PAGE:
Where most people would just see four Firestone truck airbags, designer and Velodyne CEO David Hall saw a way to stabilize boats in choppy waves. To build a self-stabilizing boat called “Martini 1.5,” Hall hacked the airbags to create an elaborate suspension that keeps the deck stable. The airbags act as actuators in a pneumatic system to allow for shifts in the amount of weight on top of the deck, and also as housing for a set of 4 DC servo-motors that stabilize the deck in response to motion from the waves below. But Steven Shonk, the Martini 1.5’s lead engineer and captain, says the heavy-duty technological know-how lies not so much in the mechanical system as in the software, which must track the position of the deck in space and send real-time instructions to compensate for wave action.
“Putting it all together and writing the software is challenging,” says Shonk. “It’s an active suspension that automatically adjusts for the waves – it’s not a passive system.”
The computer “brains” of the operation lie on deck – linear accelerometers and a 3-axis gyroscope send spatial information to an off-the-shelf Altera computer chip called a field-programmable gate array (FPGA). The FPGA sends instructions to a pair of motor controllers, each of which controls a direct current servo motor built onto the tops of the 4 airbag-actuators, which are affixed to the front and back of the deck. The motors are the workhorses, constantly and continuously driving lead screws through the airbags, lifting and lowering the deck via a set of legs onto pontoons. The pontoons bounce and roll in response to the action of the waves, but the continuous movements of the lead screws push up on the deck to prevent it from following the pontoons into the trough of a wave.
“It’s actively, and rapidly, and constantly making adjustments to keep the deck level,” says Shonk.
In addition to the electronically controlled servo motors, there’s also a pneumatic stabilizing system for changes in pressure on the top of the deck, as people move themselves or cargo around, changing the distribution of weight onboard. A 125 psi pump feeds into an accumulator and then the airbags. So if, for example, 3 crew members, weighing a total of 500 pounds, gather at one side to pull in some crab pots, the accumulator pumps a couple of pounds of pressure beneath them to keep the surface level.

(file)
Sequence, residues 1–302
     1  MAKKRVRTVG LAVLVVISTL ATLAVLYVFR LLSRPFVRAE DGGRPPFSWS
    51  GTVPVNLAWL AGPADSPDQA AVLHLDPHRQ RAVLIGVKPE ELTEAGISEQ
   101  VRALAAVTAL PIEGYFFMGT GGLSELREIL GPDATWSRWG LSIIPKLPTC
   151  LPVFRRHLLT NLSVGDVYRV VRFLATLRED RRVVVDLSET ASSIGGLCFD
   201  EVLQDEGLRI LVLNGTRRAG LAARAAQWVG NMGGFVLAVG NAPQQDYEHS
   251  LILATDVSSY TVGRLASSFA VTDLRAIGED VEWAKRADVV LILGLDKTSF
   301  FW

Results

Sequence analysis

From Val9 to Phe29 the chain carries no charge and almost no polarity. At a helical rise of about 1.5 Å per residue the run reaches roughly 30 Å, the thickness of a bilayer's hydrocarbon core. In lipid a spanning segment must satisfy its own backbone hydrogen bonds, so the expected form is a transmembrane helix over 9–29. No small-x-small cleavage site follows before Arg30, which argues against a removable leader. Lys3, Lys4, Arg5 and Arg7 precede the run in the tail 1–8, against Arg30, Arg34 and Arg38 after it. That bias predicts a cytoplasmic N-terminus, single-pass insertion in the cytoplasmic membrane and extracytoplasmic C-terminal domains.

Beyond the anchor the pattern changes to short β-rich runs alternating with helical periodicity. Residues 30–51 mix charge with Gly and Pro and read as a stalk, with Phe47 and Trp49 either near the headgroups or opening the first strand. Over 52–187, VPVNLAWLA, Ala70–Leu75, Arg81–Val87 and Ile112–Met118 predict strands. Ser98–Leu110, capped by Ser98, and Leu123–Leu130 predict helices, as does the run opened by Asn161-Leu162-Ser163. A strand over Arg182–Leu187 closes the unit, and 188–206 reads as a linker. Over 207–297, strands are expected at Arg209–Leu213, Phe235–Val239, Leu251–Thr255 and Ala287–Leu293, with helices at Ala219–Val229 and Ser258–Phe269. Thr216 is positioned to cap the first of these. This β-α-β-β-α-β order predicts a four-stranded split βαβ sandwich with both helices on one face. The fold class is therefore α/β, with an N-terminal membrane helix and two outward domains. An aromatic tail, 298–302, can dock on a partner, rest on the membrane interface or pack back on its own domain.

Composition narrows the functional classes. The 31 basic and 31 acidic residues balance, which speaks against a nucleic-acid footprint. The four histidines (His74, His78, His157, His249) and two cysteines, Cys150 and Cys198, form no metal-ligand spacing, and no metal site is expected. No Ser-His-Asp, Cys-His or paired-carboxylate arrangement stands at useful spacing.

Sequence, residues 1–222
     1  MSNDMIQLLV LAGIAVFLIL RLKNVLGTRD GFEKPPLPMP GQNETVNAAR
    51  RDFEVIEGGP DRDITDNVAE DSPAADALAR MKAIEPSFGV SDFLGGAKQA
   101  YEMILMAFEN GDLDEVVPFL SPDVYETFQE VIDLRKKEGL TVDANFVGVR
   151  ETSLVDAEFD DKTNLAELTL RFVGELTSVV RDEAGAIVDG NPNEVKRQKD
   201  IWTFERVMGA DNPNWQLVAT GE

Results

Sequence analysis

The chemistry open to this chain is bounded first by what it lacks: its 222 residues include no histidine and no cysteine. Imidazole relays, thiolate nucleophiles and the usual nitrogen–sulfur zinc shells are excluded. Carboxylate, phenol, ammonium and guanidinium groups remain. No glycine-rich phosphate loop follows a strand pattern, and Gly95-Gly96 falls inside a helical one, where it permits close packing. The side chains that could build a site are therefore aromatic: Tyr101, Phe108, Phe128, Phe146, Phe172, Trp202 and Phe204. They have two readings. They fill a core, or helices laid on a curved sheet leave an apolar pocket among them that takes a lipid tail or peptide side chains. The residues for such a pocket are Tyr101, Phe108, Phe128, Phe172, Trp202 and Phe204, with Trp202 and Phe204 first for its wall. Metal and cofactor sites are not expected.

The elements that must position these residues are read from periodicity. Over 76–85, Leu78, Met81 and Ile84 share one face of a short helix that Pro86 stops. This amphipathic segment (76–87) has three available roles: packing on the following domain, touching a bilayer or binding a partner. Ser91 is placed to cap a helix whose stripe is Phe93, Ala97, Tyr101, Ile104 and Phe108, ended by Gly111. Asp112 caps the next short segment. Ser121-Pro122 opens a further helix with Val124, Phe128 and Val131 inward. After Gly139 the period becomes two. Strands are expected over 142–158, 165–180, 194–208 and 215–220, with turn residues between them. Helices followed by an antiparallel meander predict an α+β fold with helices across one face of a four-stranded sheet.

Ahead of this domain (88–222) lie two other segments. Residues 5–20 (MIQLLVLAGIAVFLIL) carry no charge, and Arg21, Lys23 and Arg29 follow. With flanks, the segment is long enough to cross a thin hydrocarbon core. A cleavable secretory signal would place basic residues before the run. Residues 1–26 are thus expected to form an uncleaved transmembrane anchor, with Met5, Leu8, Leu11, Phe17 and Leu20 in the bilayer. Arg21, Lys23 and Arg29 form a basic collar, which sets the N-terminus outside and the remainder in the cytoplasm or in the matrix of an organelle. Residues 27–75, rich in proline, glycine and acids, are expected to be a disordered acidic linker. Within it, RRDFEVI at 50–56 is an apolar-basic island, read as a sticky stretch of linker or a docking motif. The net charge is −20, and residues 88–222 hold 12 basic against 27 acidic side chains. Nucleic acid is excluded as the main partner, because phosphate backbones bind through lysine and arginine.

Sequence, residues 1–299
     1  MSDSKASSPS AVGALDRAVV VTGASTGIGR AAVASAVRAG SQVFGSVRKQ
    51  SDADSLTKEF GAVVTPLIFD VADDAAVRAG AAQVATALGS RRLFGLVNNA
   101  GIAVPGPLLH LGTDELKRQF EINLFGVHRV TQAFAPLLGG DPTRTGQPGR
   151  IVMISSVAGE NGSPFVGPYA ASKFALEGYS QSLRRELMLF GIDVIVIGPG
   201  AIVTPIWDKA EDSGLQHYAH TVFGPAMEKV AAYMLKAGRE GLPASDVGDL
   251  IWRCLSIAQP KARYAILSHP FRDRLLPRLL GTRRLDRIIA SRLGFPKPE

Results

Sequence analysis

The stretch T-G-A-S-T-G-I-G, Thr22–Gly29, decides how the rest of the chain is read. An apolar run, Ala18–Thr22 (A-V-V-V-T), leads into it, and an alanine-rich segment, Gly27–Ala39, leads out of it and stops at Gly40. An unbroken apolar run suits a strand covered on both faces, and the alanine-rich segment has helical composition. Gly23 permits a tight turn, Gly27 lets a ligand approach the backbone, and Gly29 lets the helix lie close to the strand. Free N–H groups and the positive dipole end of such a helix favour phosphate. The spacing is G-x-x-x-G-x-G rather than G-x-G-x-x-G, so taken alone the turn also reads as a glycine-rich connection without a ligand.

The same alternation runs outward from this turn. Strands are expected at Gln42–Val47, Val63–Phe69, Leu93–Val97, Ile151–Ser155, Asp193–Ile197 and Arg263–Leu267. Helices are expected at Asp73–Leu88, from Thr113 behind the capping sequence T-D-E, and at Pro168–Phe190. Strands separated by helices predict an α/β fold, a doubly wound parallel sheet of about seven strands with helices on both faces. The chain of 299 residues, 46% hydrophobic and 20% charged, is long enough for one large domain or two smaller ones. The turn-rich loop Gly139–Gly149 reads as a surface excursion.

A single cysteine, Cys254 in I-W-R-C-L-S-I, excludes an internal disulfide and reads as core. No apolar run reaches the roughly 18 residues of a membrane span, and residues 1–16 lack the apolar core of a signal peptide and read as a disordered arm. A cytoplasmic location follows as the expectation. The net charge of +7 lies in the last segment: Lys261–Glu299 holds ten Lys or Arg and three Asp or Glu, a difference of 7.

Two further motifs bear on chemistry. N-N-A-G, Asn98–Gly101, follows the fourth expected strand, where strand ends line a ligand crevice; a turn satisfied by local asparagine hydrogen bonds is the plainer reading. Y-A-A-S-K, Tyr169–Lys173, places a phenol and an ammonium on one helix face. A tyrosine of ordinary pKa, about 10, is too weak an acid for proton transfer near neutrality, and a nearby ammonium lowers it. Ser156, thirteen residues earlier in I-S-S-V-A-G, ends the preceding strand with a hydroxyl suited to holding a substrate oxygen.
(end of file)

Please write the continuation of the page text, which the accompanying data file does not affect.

A test-ride through a San Francisco Bay roiled with chop from ferries and cargo ships suggests that Hall’s boat-hacking experiment has been a success. We cruise in the Martini 1.5 at about 30 MPH, peaking at 38. And while the wind, the noise, and the cold on the 37-foot craft don’t particularly put me in the relaxed mood where a martini would be welcome, one certainly could have an elegant drink without spilling it. The same could not be said for the conventional Velodyne chase boat that bounds and slaps along next to us through the waves. Shonk estimates that without the suspension system, he would need to pilot the craft through the moderately rough waters at about 12 MPH.
And that’s good news for people vulnerable to seasickness, a phenomenon not totally understood by doctors. The prevailing theory is that choppy motions on a boat confuse the brain, because visual data from the eyes clash with signals from the vestibular system in the inner ear, which helps control balance. Because we are sitting down and yet getting jostled unpredictably by the waves, for example, the brain interprets the confused signals as a sign that something is wrong, and reacts with waves of nausea. Whatever the cause, the discomfort and vomiting are very real – but on the Martini 1.5, even people prone to seasickness, such as Velodyne engineer Andrew White, who threw up twice after a recent jaunt in the conventional chase boat, feel fine.
The designer Hall has more than sea-sickness on his mind. Hall started Velodyne as a high-end acoustics company specializing in subwoofers, and his LIDAR systems, which use pulsed lasers to generate real-time 3-D models of the world, are now used by numerous car and truck makers, including the Google self-driving car.
Hall originally developed the idea for an active boat suspension after seeing small pleasure boats struggling with swells in the Bay. But Velodyne is also at work on larger 40 and 48 foot iterations that will have commercial applications – which Shonk expects to be available in about a year, though he declines to estimate a price. A self-stabilizing boat would be helpful as a tender to large yachts out in the open ocean. And a stabilized deck would be much safer on crew boats that support the dangerous work of loading people and cargo onto oil rigs or offshore wind farms. A third version would be customized for search-and-rescue missions. Hall and Velodyne are betting that sailors of the future will pay handsomely for more stability on the high seas, whether the ultimate goal is to quell nausea, load cargo, or just enjoy a cocktail.